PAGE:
3 tips for crowdfunding #likeaboss

By Sara Veltkamp, Minerva Strategies —

The outdoor gear company MSR has just ended the active phase of their crowdfunding campaign to raise money to distribute their Community Chlorine Maker, a device that uses a car battery to turn salt and water into chlorine that can treat water from unsafe sources. We’ve been pleased to partner with MSR on communications for the campaign, which so far has raised more than $51,000 in six weeks – not bad for a campaign launched during a tumultuous and attention-diverting election season.

Here are three things that organizations can learn from MSR on how to crowdfund for a cause.

 

1. Focus on a product or service that is a unique solution to a problem worth solving. 1.8 billion people around the world drink from unsafe water sources, and that number is likely to increase with the mounting severity and number of natural disasters, as well as with a growing refugee population around the world. The Community Chlorine Maker, designed in partnership with the global health innovator PATH, helps solve this problem by empowering people to treat their own water. The maker was designed to work in challenging, low-resource environments. The tangible nature of this product makes it easier to crowdfund for than something more vague, like ongoing programs.

 

2. Partner well and let partners excel. The first time we sat down with campaign partners was exciting. The team included the Minerva team, marketing and communications pros from MSR, designers and creatives from Wunderman, strategists from Add3 Digital Marketing Agency, and others dedicated to making this campaign work. Each partner was chosen to take on different aspects of the project, and each had a specific perspective on the campaign that made it stronger.

In addition, MSR was willing to trust partners to do what they do best. They listened and learned, offering opinions and feedback, facilitating meetings as needed, but largely allowing each partner the autonomy to execute their portion of the campaign however that partner saw fit. This resulted in clear messaging for defined audiences, creative visual assets, and good social media and traditional media coverage.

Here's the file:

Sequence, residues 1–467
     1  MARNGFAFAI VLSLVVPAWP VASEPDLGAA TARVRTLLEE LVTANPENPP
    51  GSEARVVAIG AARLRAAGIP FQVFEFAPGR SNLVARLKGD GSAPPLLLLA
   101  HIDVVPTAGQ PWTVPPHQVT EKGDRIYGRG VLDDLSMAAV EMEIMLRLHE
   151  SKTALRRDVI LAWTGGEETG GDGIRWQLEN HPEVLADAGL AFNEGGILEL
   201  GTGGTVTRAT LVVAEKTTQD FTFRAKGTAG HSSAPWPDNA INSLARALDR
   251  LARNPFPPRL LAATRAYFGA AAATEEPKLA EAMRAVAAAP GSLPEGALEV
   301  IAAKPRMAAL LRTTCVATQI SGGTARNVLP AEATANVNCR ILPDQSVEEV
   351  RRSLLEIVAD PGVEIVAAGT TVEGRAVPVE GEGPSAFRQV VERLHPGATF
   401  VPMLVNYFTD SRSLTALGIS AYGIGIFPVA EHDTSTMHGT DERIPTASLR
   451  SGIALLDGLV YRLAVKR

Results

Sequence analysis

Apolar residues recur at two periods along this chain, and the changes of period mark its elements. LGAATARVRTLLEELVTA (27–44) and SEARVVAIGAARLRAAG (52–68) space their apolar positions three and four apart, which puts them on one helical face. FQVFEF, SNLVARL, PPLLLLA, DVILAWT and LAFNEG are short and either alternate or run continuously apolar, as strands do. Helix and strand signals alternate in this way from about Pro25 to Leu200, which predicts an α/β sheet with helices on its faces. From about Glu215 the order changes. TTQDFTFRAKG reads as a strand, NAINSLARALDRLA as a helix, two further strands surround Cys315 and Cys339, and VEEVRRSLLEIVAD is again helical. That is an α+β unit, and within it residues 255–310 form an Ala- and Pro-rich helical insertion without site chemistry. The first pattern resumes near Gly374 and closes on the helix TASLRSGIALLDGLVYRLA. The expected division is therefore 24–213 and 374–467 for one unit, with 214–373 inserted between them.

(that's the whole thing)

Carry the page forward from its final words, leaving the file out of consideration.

3. Set goals and manage expectations. The initial goal of the crowdfunding campaign was to get 2,500 chlorine makers distributed around the world to make safe water for 500,000 people. This is an ambitious goal – one that would have required raising $400K during this crowdfunding campaign.

Ambitious goals are inspiring and MSR wanted to shoot for the moon. But MSR also had perspective. They had never tried to crowdfund for a product before and there were a lot of unknowns. They were uncertain how their largely outdoor enthusiast fan base would react to a global health-focused product, and they did not know if media would be interested in covering a campaign of this nature. Last, they were unsure if people would be willing to fund the distribution rather than the development of a product, which is the norm for tech-related crowdfunding campaigns.

Because of these and other unknowns, MSR set a more realistic but still ambitious goal of raising $50,000. They still aim to distribute the chlorine makers to 500,000 people, but they acknowledge that fundraising to hit that goal may take more time.

At this writing, the most active phase of the campaign is wrapping up and has exceeded MSR’s goal of $50K. But they will continue to take contributions from people like you to reach their ultimate goal of getting clean water for a half million people. In terms of execution, this campaign is huge a success – one that MSR AND the global health community can build on.